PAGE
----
Mr. Khorchid talking about the problems his family and other families are facing in Syria. Mr. Reaume focused on the troubles refugee camps were facing.
The easiest way to help the Syrian refugees is, what I did at my school, spread the word on the crisis to all sorts of people. Very few all over the world know exactly what is happening to the Syrian refugees, having the ability to be educated on this topic and then present your knowledge to others is one of the greatest ways to keep this very serious issue in the minds of all. There are many other ways to get involved, you can go to the World Food Program for additional ways that you can help the Syrian refugees, as well as Save the Children and UNICEF. There you can donate money and find fundraising ideas to campaign for the Syrian refugees.
The Syrian refugee crisis is becoming more and more aware in the news force lately, from a very powerful superhero, celebrities. Celebrities, as famous as they are, are able to highlight important issues with millions, if not billions, of people paying attention to all that they do. Harvey Weinstein missed the 2014 Cannes Film Festival release of a movie he distributed, Grace of Monaco, to stay in Jordan and talk to children refugees from Syria about films. Angelina Jolie, an ambassador to the United Nations, has made multiple trips to hosting countries for Syrian refugees, and continued to highlight the issue in the news. Even the popular Pope Francis, on his recent trip to Jordan and the Holy Land thanked the Jordan government for holding half a million Syrian refugees in their country and earlier this year has called for an “urgent end” to the civil war.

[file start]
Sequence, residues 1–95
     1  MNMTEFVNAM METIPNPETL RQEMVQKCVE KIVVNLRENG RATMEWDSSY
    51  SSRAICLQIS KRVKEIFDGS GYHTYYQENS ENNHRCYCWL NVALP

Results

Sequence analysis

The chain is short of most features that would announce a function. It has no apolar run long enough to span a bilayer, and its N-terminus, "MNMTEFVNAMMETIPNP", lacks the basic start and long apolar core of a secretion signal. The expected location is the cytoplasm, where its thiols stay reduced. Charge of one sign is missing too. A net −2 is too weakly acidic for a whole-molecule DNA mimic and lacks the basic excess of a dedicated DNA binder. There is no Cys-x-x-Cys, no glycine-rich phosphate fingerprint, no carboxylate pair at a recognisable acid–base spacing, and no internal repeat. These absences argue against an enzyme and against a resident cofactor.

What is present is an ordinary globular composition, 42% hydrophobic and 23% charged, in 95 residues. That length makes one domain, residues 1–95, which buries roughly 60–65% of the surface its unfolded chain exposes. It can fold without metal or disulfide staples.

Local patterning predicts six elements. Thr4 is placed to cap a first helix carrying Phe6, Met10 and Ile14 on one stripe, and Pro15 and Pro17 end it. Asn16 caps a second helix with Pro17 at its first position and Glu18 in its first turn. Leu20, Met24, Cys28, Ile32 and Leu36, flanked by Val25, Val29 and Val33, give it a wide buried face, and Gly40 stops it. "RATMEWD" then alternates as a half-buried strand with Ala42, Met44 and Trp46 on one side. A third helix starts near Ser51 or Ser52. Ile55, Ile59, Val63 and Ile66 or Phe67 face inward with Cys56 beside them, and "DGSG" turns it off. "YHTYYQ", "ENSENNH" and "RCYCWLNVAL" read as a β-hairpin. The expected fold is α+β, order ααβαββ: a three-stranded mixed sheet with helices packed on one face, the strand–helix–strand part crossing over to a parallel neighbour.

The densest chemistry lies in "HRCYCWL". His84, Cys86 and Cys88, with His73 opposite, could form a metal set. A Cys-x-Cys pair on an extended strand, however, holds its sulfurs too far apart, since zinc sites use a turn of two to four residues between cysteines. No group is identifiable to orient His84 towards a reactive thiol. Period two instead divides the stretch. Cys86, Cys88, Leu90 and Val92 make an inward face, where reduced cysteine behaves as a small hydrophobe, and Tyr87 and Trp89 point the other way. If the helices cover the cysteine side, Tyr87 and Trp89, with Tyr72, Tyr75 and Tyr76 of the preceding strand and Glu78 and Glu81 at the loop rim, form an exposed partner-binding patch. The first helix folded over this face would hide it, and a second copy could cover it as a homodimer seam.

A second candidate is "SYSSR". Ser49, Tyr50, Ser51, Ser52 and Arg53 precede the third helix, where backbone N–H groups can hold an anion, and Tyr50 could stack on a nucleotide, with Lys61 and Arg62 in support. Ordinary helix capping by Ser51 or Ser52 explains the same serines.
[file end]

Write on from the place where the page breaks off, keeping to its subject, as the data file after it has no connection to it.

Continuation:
Mr. Kreidie focused on the history of the conflict and the international response for the crisis. Mr. Przbylek focused on what we did in our region to help Syrian refugees.
This project has allowed me for the past year to focus on a honestly, important issue. Being Arab- American, I know the struggles my family is facing thousands of miles away, while I live in the United States of America living a pretty relaxed life compared to all of them. I am one of the lucky ones, in terms of not having to deal with civil wars right outside my door. My dream is to work for the United Nations and to give people around the world the greatest amount of help while they are suffering. I hope to open schools in refugee camps and campaign for money for vaccinations for every person in the camps. I have seen, through this project, that I have a tool to change the world in my hand: the internet. Sure, this blog may not be breaking news on CNN, yet as long as one person sees it, the message will be received. Thank you for taking the time on checking this blog and researching the Syrian refugee crisis. The end of the crisis will come, only if we step up and speak aloud.
Thank you to Miss Dunn for everything! You are one of the greatest teachers I have ever had and one of the kindest people I know, and one with great amount of shrewd!